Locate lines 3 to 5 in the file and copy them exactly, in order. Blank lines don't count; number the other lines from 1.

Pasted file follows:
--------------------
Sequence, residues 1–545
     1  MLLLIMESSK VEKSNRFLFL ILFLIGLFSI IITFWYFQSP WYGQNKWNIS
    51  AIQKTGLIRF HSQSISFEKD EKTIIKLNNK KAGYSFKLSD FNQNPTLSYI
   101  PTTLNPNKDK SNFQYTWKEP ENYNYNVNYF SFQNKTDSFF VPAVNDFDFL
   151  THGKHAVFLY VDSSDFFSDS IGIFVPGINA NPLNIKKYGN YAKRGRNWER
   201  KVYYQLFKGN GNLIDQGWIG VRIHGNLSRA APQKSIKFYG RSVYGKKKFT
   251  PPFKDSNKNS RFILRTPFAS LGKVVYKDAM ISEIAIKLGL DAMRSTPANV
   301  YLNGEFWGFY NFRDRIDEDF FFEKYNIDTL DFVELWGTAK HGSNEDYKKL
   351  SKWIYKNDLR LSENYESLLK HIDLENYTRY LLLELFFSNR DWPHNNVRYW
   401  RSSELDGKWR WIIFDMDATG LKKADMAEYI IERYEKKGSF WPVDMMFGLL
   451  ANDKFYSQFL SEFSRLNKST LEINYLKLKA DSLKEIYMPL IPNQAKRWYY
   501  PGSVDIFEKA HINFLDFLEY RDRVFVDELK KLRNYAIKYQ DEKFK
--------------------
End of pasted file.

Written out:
    51  AIQKTGLIRF HSQSISFEKD EKTIIKLNNK KAGYSFKLSD FNQNPTLSYI
   101  PTTLNPNKDK SNFQYTWKEP ENYNYNVNYF SFQNKTDSFF VPAVNDFDFL
   151  THGKHAVFLY VDSSDFFSDS IGIFVPGINA NPLNIKKYGN YAKRGRNWER